Fuel Injection Tuning
Motocross fuel injection is based on an “Open Loop” system.
Definition: Open Loop
Open loop simply means there is no feedback of the result to the ECU (Engine Control Unit). In our case, it means there is no sensing or measuring of the exhaust gas to see how the bike is running. The fuel that is being injected is determined by the RPM and throttle position, derived from the fuel injector pulse width numbers stored in the fuel maps, and is trimmed for environmental conditions due to air temperature, air pressure and engine temperature.
Factory engineers have set the ECU to provide a specific AFR (Air Fuel Ratio) for an exact set of circumstances: compression ratio, cam timing, exhaust system, port design, throttle body size, combustion chamber shape and fuel type.
The ECU map has a preset amount of fuel and ignition timing that will only be correct in these conditions.
Changing any of these conditions, such as replacing the exhaust system with an after market type will have an effect on the required fuel and possibly the ignition timing in some cases. As more and more changes are performed, the factory tuned conditions will move farther away from the optimum. What I am saying is, as you invest in aftermarket bolt-on products it will have a negative effect on the proper AFR; a power gain may be felt, however it may only be 80% or 90% of what it could be if tuned correctly for the new conditions.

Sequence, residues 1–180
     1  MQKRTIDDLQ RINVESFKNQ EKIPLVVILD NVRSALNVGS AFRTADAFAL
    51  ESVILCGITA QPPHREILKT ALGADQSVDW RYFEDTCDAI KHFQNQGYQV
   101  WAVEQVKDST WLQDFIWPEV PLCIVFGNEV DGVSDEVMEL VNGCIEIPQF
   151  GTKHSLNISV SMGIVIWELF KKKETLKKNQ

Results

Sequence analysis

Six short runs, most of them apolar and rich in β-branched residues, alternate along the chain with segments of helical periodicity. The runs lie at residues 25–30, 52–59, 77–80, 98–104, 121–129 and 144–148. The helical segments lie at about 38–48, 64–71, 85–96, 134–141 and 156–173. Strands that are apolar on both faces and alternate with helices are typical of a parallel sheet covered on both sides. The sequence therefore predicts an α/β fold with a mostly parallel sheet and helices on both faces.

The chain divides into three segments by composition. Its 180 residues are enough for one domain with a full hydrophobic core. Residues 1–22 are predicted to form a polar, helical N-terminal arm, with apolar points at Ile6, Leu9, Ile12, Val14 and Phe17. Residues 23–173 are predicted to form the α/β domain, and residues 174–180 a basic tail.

Now, this being the situation, “What’s a guy to do”? Fuel injection being newly introduced to our sport, very few have dedicated the necessary time required to become proficient at this time consuming endeavor. Personally, I have spent the better part of the last four years in my dyno room, honing my skills and developing the next generation of injector/throttle body design. This challenge has pushed me to learn more about ECU tuning than I had ever imagined.
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